Calling Social Welfare

I have a form to fill out.

If you haven’t ever been unemployed or otherwise receiving social welfare payments, you may not know this: there are a LOT of forms. Forms within forms. Forms about things you never knew you could fill out forms for.

This morning, I have a fairly straightforward form to fill out. It requires another couple of documents. As they do. One of these documents is a very simple letter from my social welfare office confirming some basic details. Normally I’d pop down the the office on my bike to sort this out, but this morning it was pouring rain. Lashing, you might say. The kind of day where you check the weather forecast and the first thing you see is NATIONAL WARNING and GALE WARNING in capital letters on the top of your weather site. Where you pop out the door to check your post and you’re soaked in the few seconds it takes to get the metre or so from your front door to the mailbox.

What I’m trying to say here is that it’s a day for staying indoors. Especially if, like me, you don’t have a car, and are not actually an amphibian or a duck cunningly masquerading as a human.

A badly-drawn picture of a duck wearing glasses, a hat and a tie.
This Is Not A Selfie

So I find my social welfare office’s contact info. There’s a postal address, a phone number, and a fax machine. In the absence of an email address- always preferable to navigating automated phone systems, don’t you agree?- or a time machine to a land where people still have fax machines, I decided to give them a call.

Almost an hour and twenty or so attempts later, I’ve given up for the moment. The phone rings out every time. Every so often, I’ll get an engaged tone or an automated message saying that the call hasn’t gone through. Most of the time, though, it’s just an ring tone for several minutes until it rings out to nothing. No voicemail. No way to know if I’ve gotten through to their real number, even, or if I’m accidentally calling a phone box somewhere up a mountain or under the sea.

This is the second time this has happened recently. The last time I gave up after two hours.

This is an annoyance. It’s a bit of a pain, but these things happen, right? We all know that public services are massively understaffed and overworked these days. I won’t deny that I’m frustrated at my wasted time this morning, but I’ll live, and I’ll get my forms all sorted out in the next few days. It’s not the end of the world.

For me.

I’m an abled person without caring commitments or dependants who lives within reasonable walking distance of the office, and I can also more or less write my own schedule. Most of the work I do is fairly flexible.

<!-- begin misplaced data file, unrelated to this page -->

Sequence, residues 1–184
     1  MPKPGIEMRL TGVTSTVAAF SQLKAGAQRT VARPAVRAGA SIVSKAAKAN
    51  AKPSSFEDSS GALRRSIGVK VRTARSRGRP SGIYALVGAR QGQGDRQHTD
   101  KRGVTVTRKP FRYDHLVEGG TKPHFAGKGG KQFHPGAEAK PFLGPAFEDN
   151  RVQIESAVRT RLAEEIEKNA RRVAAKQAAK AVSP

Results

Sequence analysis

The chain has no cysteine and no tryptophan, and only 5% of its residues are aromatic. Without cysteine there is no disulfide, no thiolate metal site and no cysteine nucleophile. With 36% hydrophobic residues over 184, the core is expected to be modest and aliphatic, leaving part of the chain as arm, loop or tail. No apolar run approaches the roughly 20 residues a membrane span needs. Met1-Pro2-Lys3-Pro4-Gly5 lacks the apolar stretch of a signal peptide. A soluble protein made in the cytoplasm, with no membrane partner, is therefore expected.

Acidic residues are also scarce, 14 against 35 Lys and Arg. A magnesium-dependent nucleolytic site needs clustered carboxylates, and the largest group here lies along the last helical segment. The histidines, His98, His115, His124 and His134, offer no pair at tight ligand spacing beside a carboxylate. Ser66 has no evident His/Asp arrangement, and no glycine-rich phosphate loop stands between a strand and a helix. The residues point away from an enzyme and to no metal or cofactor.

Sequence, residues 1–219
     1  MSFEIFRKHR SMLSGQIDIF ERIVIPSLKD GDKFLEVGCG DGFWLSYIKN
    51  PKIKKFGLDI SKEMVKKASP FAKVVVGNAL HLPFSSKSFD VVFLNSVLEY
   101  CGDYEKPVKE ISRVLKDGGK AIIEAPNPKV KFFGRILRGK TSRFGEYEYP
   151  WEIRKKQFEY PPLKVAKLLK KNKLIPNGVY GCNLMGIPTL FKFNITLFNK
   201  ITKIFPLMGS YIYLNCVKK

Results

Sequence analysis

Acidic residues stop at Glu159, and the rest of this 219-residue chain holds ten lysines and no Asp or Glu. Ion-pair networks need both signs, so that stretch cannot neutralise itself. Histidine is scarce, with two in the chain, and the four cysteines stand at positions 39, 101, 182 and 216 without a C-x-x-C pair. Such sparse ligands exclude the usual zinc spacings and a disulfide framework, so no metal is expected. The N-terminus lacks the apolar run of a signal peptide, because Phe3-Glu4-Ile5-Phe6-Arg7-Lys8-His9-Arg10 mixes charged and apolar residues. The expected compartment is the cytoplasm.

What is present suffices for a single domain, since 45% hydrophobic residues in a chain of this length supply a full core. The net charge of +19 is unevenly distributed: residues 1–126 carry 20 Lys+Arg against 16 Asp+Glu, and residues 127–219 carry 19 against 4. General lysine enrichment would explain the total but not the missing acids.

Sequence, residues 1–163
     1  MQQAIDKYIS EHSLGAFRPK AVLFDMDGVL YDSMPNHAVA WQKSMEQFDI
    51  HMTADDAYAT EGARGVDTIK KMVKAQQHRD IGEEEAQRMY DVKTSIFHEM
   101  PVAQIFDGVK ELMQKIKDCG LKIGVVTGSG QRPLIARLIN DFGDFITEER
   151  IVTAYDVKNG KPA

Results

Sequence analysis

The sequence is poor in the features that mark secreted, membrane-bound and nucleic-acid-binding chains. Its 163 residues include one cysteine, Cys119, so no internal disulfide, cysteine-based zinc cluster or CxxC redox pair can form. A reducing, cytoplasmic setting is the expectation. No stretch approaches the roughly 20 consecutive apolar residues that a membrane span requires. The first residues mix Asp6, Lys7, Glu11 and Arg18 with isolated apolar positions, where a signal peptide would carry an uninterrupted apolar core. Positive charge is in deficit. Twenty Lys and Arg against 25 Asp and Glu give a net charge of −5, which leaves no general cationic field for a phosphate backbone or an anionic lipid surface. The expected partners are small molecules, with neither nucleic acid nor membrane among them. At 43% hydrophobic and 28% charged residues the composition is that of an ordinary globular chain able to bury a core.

What if I was working an internship where I wasn’t able to write my schedule? Or if it wasn’t in the area? What if I had mobility impairments or was too ill to go for a half-hour walk each way? If I had people to care for who I couldn’t leave alone? If those people had illnesses or mobility impairments that meant that they couldn’t go the half-hour walk with me to the office? What if, instead of this form being something I would like to sort out soon, it was something I needed urgently?

The services that social welfare provides aren’t luxuries. I know a lot of people who rely on social welfare. Some of us are out of work in an economy that simply doesn’t have work for us (no, there wasn’t a sudden increase in lazyass scrounging layabouts back in late 2008). Some of us are on those back-to-work schemes that seem to be steadily replacing paid employment here. Some are unable to work due to illness or disability. Some are carers who work their butts off and live on a pittance. Most of us contribute to our communities in the ways that we can. And we need our social welfare payments and entitlements. To eat. To pay our rent. To go to the doctor when we’re ill. And yes, occasionally to replace the old pair of shoes. Shit happens. Sometimes you gotta fix your bike or get a winter coat.

I understand that social welfare offices are understaffed. I understand that people working in those offices have a tough, thankless job. I get that a lot of them are great people who do the best they can for their clients- I’ve met a lot of those people, and always made sure they knew I appreciated their help. I’ve also heard a hell of a lot of stories about people who had awful, abusive experiences trying to get the social welfare they needed to survive. It’s a mixed bag.

But if you’re going to provide services for a diverse group of people for whom those services are an absolute necessity? You need to make those services accessible. Not having a staffed phone line? Or a voicemail? Or a simple email address? It’s just another indication of how the most vulnerable in our society- people a hell of a lot more vulnerable than the likes of me- are considered worthless. Just a drain.

Calling Social Welfare

3 thoughts on “Calling Social Welfare

  1. 1

    Try having to contact the immigration section. I used to sit there at work with the phone on speaker for an hour. Obviously you couldn’t do this at home. The under-resourcing of these services is scandalous.

  2. 3

    I’m having problems with ’em right now. 99% of the welfare office didn’t know what the state blind pension program even was, I gave them the paperwork and I’m trying to call to make sure they actually sent it out to Harrisburg (it was right before the gov. shutdown) and good luck calling. They originally wanted to put my paperwork application in my damn medical file to rot. I spent ten minutes getting the desk jockey to go talk to a supervisor and I’m hoping to god they didn’t fuck up like they usually do.

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